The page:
There was quite a gamble that Prime Minister Theresa May took in calling an election THREE YEARS EARLY, but obviously that was a gamble that really didn't pay off as well as anticipated. The British Parliament game is wonky, to say the least, and the rules (at least for us Americans) are strange and myriad. One thing that I do love about British politics is the way that they so politely yell at each other. That's always fun to watch.
I remember back a few years ago when one of the Supreme Court justices, Samuel Alito, deigned to speak his mind in a public forum and the press lost their minds over it. The Daily News remembered it like this:
“With all due deference to the separation of powers,” Obama said, “last week, the Supreme Court reversed a century of law that I believe will open the floodgates for special interests – including foreign corporations – to spend without limit in our elections”
In response to this criticism of their recent ruling, Justice Samuel Alito shook his head and appeared to mouth “Not true.”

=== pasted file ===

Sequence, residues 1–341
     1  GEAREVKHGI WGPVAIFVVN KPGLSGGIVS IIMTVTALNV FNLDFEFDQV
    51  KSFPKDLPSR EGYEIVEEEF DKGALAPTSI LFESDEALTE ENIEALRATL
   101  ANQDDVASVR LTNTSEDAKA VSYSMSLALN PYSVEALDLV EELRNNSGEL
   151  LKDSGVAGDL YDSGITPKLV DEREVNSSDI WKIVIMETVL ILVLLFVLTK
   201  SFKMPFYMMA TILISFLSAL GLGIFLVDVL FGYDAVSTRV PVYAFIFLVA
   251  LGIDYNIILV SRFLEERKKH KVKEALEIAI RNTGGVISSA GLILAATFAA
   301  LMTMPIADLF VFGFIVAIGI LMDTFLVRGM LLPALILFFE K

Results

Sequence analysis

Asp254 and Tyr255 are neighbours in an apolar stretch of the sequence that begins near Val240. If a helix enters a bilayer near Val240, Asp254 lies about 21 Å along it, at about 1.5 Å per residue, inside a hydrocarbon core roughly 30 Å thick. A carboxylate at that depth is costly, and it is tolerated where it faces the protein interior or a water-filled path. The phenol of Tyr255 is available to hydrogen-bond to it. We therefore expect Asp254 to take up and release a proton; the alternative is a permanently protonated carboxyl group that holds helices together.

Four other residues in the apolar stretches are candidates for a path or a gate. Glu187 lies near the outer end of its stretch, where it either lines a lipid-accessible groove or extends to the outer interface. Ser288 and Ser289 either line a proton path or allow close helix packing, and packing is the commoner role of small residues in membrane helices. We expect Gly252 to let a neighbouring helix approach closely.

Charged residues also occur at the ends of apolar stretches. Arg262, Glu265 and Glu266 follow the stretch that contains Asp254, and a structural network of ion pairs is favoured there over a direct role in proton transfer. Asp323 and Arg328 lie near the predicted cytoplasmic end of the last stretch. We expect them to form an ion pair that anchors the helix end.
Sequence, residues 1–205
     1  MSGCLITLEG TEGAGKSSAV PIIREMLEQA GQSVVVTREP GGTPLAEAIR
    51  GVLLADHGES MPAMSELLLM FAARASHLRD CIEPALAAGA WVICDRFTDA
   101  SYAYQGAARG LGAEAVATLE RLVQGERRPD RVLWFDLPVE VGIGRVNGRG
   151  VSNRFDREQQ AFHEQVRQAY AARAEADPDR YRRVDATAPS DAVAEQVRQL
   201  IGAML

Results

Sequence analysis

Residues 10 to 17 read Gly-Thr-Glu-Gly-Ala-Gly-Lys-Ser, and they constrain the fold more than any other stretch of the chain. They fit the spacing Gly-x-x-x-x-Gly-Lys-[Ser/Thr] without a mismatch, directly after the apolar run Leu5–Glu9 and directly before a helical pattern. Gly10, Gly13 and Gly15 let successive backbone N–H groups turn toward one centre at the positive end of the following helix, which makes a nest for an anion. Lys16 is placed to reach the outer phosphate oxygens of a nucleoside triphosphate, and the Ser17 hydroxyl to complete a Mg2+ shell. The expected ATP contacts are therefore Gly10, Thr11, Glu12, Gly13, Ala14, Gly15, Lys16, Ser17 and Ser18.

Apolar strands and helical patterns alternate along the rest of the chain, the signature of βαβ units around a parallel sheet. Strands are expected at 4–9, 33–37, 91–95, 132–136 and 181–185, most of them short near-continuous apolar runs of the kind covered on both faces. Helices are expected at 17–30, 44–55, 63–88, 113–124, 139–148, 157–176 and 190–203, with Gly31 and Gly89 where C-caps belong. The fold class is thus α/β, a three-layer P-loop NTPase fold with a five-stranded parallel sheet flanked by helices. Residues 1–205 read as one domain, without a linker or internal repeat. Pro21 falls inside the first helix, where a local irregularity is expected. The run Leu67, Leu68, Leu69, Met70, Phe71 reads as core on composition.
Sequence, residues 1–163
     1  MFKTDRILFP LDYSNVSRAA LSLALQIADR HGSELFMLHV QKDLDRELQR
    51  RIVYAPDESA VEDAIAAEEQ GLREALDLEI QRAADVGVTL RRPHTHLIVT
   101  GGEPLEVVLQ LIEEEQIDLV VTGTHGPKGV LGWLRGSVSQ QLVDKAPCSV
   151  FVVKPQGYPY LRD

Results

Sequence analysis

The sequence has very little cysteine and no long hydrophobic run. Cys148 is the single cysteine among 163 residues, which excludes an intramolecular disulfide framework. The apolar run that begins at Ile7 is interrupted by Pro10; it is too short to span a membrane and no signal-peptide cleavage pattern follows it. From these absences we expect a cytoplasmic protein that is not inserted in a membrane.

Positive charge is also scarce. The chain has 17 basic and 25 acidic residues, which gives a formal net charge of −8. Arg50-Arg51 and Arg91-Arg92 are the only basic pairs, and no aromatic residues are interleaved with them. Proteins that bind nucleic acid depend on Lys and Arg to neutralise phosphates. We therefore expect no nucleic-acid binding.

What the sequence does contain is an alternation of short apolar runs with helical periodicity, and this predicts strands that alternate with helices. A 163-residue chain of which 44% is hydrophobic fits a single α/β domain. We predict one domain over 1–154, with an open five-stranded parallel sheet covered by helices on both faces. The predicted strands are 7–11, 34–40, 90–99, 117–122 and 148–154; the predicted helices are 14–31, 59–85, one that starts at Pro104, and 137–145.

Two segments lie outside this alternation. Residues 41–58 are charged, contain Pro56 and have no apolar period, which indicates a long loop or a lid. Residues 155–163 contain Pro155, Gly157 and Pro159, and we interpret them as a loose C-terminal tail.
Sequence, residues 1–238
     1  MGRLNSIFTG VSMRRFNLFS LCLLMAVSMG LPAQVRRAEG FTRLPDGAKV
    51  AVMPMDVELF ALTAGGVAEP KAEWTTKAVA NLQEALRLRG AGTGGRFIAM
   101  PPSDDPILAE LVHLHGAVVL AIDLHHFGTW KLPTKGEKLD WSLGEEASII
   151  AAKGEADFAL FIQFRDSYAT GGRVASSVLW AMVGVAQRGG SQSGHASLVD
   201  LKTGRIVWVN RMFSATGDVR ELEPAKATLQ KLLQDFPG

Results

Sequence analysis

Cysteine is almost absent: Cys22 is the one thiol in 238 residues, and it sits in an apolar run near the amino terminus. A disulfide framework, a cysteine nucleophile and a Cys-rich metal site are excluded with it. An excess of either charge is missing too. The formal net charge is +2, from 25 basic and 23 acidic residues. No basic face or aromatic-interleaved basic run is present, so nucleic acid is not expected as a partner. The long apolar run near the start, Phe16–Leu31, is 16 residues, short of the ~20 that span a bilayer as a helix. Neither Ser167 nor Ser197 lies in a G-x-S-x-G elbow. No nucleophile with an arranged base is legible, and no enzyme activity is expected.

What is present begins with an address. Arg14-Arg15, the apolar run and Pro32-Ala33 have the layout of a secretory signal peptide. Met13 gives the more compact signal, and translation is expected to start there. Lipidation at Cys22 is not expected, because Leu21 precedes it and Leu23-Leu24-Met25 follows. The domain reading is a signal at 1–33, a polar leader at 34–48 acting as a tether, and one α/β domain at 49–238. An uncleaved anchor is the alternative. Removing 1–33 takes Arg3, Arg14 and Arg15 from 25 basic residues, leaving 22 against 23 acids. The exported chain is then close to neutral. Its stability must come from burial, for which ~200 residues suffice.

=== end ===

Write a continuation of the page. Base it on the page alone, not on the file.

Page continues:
That was scandalous at the time, so long ago in…2010. But today, it seems that reporters who refer to Trump as a “piece of s**t!” is par for the course. The podium of Obama (and 50′ radiating out from it) was considered sacred ground. You couldn't dare dream of saying anything that might be construed as even remotely disagreeing with the Savior, the Anointed.
British politics, on the other hand, makes no bones about it. If one Member of Parliament is calling another a “whore-pig's vaginal discharge” the rest of the Parliament cheers and jeers as appropriate. They're vicious, in a polite sort of way. It's like Monty Python meets Jerry Springer. Weird and fun.
In the political realm there in the UK, there is also the factor of the rules that make British politics particularly dizzying. There are so many rules, back-rules, sub-rules and counter-rules that it's like playing a game of monopoly where all the players get to add in their little pet rules, but only AFTER play has begun!
To read more about why Theresa May's Conservative Party failed to hit pay-dirt in this latest election, turn to the next page.